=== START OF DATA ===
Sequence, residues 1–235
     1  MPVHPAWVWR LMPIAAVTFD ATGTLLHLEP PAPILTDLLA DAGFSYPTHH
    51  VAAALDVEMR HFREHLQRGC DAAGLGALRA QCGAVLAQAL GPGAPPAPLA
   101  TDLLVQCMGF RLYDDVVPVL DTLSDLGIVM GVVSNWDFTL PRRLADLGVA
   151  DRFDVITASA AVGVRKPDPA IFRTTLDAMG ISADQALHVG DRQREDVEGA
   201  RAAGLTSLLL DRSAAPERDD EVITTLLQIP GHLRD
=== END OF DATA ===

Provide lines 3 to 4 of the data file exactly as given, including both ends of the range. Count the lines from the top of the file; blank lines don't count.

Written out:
    51  VAAALDVEMR HFREHLQRGC DAAGLGALRA QCGAVLAQAL GPGAPPAPLA
   101  TDLLVQCMGF RLYDDVVPVL DTLSDLGIVM GVVSNWDFTL PRRLADLGVA